So the upside of the updates is that after considerable effort, the computer worked as well as it had before. Keeping things as they were is not my idea of “progress.” Making them worse is even less attractive. But it is “progressive.”

If an update accomplishes nothing useful, or even makes things worse, perhaps it should be called a downdate.

This is similar to the situation with chip credit cards, which were supposed to be less susceptible to fraud. It turns out that fraud is up, not down, but the cards are slower to run than the older strip cards. Nevertheless, we won’t go back to the older cards. The ratchet of technology moves only one way.

How much “change” is improvement, and how much is merely change for change’s sake? This obviously applies to former President Obama, who campaigned with the mantras of “hope” and “change.”

And now we have this headline: “Amazon Finds the Cause of Its AWS Outage: A Typo.” A system upon which millions depend was temporarily shut down because one employee inadvertently typed one incorrect command to the server network. What about the possibility that one hacker could type one incorrect command intentionally? That’s a question we aren’t supposed to ask.

In technology, the economic motive is strong. But in addition, the juvenile attraction to the “new” plays a powerful role. I was interested in seeing the new iPhones and iPads, but I did so a few weeks after their introduction, when I happened to walk by an Apple store. Yet thousands stood in line for hours, sometimes overnight. This goes beyond interest and approaches obsession.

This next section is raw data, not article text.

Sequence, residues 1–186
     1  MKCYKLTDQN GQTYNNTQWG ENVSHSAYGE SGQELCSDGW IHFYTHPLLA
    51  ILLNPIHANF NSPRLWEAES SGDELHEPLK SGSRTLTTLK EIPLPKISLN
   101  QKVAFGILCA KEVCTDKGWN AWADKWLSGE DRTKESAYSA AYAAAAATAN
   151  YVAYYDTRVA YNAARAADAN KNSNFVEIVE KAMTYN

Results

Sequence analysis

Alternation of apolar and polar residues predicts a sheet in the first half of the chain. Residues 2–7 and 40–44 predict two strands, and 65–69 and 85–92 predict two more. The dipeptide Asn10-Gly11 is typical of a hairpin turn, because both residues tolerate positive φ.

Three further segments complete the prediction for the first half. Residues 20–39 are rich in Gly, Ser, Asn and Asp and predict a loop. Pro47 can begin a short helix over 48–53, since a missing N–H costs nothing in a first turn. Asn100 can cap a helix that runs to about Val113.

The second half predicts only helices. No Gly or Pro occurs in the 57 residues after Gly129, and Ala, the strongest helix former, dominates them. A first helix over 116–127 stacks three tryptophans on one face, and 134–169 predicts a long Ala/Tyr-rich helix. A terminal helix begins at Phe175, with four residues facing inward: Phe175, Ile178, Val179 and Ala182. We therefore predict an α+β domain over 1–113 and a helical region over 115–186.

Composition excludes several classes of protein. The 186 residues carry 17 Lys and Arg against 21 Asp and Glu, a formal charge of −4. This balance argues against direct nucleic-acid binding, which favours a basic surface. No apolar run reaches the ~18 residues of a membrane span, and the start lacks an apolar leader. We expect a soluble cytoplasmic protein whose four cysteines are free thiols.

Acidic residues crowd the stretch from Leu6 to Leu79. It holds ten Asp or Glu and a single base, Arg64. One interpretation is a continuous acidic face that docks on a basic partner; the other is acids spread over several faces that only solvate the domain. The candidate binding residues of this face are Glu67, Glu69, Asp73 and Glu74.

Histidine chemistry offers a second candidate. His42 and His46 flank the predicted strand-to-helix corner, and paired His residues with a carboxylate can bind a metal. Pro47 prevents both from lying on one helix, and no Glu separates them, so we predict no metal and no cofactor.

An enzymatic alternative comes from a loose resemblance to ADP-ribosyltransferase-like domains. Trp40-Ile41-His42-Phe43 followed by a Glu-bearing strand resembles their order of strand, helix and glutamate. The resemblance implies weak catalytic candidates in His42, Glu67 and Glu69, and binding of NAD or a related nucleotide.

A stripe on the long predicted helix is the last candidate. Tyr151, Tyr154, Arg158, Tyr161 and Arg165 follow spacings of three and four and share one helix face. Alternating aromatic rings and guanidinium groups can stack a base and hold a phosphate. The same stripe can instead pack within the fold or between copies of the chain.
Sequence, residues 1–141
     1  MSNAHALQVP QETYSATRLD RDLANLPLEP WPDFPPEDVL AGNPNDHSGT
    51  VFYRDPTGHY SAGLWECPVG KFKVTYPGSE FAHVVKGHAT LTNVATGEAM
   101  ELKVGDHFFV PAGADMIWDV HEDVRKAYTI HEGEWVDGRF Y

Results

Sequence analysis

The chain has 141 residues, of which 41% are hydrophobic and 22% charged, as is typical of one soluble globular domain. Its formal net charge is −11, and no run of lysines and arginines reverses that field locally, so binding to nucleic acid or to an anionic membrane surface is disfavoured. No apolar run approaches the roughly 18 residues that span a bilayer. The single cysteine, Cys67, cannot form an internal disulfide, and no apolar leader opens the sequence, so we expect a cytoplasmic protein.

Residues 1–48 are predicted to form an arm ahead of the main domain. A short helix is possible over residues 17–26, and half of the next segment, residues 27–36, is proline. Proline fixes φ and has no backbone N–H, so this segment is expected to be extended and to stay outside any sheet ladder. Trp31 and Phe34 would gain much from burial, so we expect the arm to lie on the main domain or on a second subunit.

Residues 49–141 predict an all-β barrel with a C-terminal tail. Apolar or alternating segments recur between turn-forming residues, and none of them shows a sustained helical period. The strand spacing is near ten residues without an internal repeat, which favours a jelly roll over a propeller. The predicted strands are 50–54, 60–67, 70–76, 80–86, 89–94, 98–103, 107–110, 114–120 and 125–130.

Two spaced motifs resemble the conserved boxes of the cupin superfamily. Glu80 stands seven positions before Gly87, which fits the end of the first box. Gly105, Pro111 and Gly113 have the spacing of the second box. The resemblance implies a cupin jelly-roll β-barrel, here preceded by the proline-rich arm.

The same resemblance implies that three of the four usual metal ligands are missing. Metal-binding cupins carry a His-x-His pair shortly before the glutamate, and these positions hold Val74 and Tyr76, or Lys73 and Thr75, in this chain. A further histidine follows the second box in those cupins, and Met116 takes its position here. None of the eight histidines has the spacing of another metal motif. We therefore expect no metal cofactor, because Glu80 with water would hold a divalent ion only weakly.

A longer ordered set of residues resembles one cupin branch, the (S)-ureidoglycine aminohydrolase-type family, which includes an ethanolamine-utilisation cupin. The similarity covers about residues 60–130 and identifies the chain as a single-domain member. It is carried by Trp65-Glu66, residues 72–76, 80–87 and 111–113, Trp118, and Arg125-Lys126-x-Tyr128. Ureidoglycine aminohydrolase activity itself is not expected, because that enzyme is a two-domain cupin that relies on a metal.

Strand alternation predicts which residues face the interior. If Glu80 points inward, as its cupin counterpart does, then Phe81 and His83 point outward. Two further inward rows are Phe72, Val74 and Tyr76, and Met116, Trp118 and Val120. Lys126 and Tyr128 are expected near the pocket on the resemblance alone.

As an automotive marketing executive commented, “In order to move up-market, you needed to be more stylish, more expensive, and less practical.” What does that say about us as consumers?

Note that the decades-old PRNDL pattern of automatic transmissions is now being “updated.” Another car maker is changing to a rotary dial to shift gears. How many damaged vehicles and injured people will result? But we must be “progressive” ‒ not only in electronic gizmos, but even in familiar mechanical devices. What’s next? Putting the gas pedal on the left and the brake pedal on the right? Impossible, you say? But once we become addicted to change for change’s sake, who knows?

Recently our iPhone updated itself without asking. The phone was unusable for the 20 minutes this required, and then it froze. The techs at the Apple store were able to unfreeze it, but what if we had needed the phone in an emergency? What if we didn’t live near an Apple store? No doubt the software of self-driving cars will have to update ‒ will the car freeze during or after the update? If so, will it freeze in the “on” or “off” position?

This message on your iPhone when you want to contact a friend would be irritating. This message on your laptop when a report is due at work would be infuriating. But what about this message on the “infotainment” screen of your self-driving car when you need to take your child to the doctor?


So I guess I’ll just stick with my old version of Windows and Internet Explorer – they work. I’ll download important updates if they address security issues. I won’t update my website as long as it works. I won’t drive myself crazy trying to keep up with “new and improved” versions that may be incompatible with one another, and probably won’t work with older versions of hardware or software.

And most important, I won’t let my desire for the latest technologic gizmos translate into a desire for the latest political and economic experiments. If Windows updates interfere with my writing, I can uninstall them. If iPhone updates freeze the phone, I can use a land line.

But if self-driving cars remove the yearning of young people to be self-sufficient drivers, we as a people will become even more passive. And if the latest left-wing political and economic schemes are incompatible with my freedom, it will be impossible to revert to the constitutional republic in which I grew up. It will no longer exist, except in my memory. It will have been updated.

Author’s Note:
See “Comfortably Dumb” by John Pearley Huffman, Car and Driver, May 2017.